Taking advantage of the process and the trend, Appeeling Fruit has grown from three employees to 50 since its founding in 1991. Its is rapidly becoming a regional processor, supplying school food services throughout the United States east of the Mississippi.
Founder Stephen Cygan, a 1976 graduate of Delaware Valley College with a degree in horticulture, says keeping in touch with cutting edge shelf-life extension research helped him be in the right place at the right time.
What inspired you to start Appeeling Fruit Inc.?
I worked at Ontelaunee Orchards [in Berks County] in several positions from the time I graduated from college to 1991. I had a dream of being an entrepreneur of some sort; I never thought I’d be in this business. But opportunities arise, and when this one did, I couldn’t walk away from it.
I started the business peeling and slicing apples for the bakery industry. I rented a space in Maidencreek Industrial Park and bought some used equipment, and with a handful of people we peeled and sliced apples for upscale bakeries. One of our first customers was Sweet Street Desserts [in Reading[.
The technology for keeping apples from browning changed dramatically around 1998. I had always been in close contact with some of the universities that were doing research on shelf-life extension and anti-browning agents. There was a project that the USDA was working on in conjunction with a pharmaceutical company, in which they came up with a processing system that was pretty revolutionary.
At the same time, the researchers were looking for someone to commercially test out this product. We got involved with this process and product in the early stages, and that gave us an opportunity to take this to market earlier than the competitors.
We initially thought this would allow us to serve the bakery industry in a larger geographic area, but we found that the cost was an obstacle. The bakery industry is pretty cost-sensitive, so adding another couple of cents per pound just wasn’t acceptable. So we started exploring other markets, and we contacted schools because it was a way to get a lot of volume in a limited number of sales venues. We got our foot in the door with several schools. We helped to pioneer a whole new market for packaged fresh apple slices for food service, and then for retail.
What is the process?
The patented product we use is calcium ascorbate, a vitamin C-type material generally regarded as safe. It’s an anti-oxidant, so it inhibits the natural browning process of cut apples. Bathing them in this solution keeps the reaction from occurring.
It’s not a preservative, however; it doesn’t keep microbial activity at bay. So from 2005 to 2007 we concentrated on how to create as much shelf life as possible by developing a cleaner process. We cut the apples in very sanitary conditions in a 35-degree climate with filtered air in the room — it’s almost like a clean room. That helps us maintain a 21-day shelf life.
How has your company grown?
When we started, our market area was southeastern Pennsylvania; now we ship product as far as New England, Florida and Mississippi.
Our leased area in Maidencreek Industrial Park started at 1,500 square feet; by the time we left it was about 4,500 square feet. In 2009, we moved to a warehouse in Dauberville that was about 24,000 square feet, where we installed the controlled processing rooms, and both dry and refrigerated storage areas.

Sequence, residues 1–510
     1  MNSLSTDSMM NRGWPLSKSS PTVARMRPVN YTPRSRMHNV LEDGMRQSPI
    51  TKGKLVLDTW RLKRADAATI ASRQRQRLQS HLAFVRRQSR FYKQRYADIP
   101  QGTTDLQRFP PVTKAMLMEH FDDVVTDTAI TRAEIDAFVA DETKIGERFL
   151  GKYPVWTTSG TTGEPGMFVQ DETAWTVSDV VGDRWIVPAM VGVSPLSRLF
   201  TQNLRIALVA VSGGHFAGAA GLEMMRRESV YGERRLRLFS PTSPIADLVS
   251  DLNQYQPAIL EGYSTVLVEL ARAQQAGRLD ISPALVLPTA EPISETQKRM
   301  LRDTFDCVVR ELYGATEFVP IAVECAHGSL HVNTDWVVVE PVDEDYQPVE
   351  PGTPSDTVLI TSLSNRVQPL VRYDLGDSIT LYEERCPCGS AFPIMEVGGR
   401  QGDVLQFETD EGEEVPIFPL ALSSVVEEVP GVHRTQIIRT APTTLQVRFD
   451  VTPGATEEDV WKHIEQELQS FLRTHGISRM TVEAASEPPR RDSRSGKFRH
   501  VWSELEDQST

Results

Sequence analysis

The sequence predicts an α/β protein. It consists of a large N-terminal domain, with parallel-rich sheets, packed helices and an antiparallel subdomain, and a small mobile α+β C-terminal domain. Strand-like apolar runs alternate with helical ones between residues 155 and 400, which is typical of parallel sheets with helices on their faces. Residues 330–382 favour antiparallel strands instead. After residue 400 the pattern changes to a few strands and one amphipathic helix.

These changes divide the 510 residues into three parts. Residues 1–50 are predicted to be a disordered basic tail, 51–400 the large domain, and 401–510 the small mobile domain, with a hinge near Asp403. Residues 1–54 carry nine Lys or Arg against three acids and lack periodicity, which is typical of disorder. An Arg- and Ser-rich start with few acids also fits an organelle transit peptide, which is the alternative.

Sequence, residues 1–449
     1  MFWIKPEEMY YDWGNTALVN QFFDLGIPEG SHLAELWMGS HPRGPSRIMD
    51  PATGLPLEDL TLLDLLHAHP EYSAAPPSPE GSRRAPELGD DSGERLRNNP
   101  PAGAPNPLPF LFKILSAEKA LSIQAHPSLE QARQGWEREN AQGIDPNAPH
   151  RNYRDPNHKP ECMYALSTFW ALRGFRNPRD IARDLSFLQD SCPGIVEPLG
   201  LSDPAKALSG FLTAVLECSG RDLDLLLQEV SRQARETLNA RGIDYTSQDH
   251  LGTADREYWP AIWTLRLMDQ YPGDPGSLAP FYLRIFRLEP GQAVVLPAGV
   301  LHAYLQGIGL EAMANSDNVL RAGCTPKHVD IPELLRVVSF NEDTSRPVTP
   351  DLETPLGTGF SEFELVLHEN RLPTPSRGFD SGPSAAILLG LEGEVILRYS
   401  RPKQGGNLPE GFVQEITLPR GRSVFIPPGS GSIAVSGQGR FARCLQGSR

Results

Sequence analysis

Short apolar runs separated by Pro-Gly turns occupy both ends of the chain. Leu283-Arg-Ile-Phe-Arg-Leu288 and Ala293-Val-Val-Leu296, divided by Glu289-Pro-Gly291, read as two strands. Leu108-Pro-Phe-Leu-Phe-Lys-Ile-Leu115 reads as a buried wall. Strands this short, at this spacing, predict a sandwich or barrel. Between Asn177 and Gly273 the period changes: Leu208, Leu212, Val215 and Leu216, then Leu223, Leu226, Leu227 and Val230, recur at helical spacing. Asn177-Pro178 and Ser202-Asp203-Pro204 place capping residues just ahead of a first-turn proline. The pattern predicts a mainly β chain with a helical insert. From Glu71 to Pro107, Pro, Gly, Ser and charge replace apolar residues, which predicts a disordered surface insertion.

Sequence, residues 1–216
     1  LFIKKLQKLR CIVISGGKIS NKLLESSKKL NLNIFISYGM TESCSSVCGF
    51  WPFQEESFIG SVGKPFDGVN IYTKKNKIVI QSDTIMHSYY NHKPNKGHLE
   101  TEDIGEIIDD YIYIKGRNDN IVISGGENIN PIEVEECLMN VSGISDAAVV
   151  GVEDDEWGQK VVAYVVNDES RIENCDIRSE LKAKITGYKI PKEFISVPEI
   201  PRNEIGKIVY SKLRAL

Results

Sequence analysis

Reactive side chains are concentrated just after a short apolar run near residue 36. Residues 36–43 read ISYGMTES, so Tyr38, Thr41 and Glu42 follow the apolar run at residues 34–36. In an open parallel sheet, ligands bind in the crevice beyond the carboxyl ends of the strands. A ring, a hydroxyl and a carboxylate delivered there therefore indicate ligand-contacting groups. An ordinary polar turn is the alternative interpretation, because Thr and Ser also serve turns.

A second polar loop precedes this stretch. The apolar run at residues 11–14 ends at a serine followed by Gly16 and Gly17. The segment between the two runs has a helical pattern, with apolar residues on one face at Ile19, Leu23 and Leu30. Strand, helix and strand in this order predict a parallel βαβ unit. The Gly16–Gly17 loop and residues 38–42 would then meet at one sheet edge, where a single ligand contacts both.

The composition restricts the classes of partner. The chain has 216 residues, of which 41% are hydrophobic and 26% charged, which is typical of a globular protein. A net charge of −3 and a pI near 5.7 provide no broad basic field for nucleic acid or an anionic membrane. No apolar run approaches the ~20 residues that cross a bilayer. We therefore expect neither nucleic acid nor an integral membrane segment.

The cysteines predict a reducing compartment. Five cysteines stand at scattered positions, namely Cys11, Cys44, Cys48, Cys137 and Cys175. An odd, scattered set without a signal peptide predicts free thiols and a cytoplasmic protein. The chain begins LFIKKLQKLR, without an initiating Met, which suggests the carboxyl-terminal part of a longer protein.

We started with three employees; now we have 50. Our sales in the first year were about $250,000; in 2012, sales were up to $12 million.
Since 2009, We have gone from one cutting machine and two packaging machines to four cutting machines and five packaging machines.
What resources did you take advantage of in growing your company?
Ben Franklin Technology Partners [of Northeastern Pennsylvania] helped beginning in 2003. Over time they have been instrumental in helping us identify the right building to move into, and provided grant money to support our processing activities at a time when we were growing very fast.
We relied on [Small Business Administration] financing at times. The Greater Berks Development Fund has helped us identify some low-interest SBFF loans for equipment and a Pennsylvania Industrial Development Authority loan for the Dauberville property.
What was the biggest challenge in getting the business off the ground?
The first challenge was finding a growing customer base for bakery products — the first several years were a roller-coaster ride. The next challenge was figuring out what to do with the new anti-oxidant product: Identifying the market, pioneering the market, creating the market and then meeting the need with automated packaging — that was the big challenge.
What’s next for Appeeling Fruit?
We’d like to come out with sliced pears and other items that will work with our current system. This summer, we’ll start testing with peaches. We’re doing some different cuts with apples, and we’re exploring new markets — restaurants and possibly cruise ships.
What’s the big differentiator for your company?
We’re very focused on the quality of the apples we use. We use apples that respond well to the treatment, are available year-round and have a great taste. We also are a small, nimble company, so we can respond quickly to our customers’ demands for quick turnaround and other issues.
Writer: Susan L. Pena
1149 Railroad Rd. Dauberville, PA 19533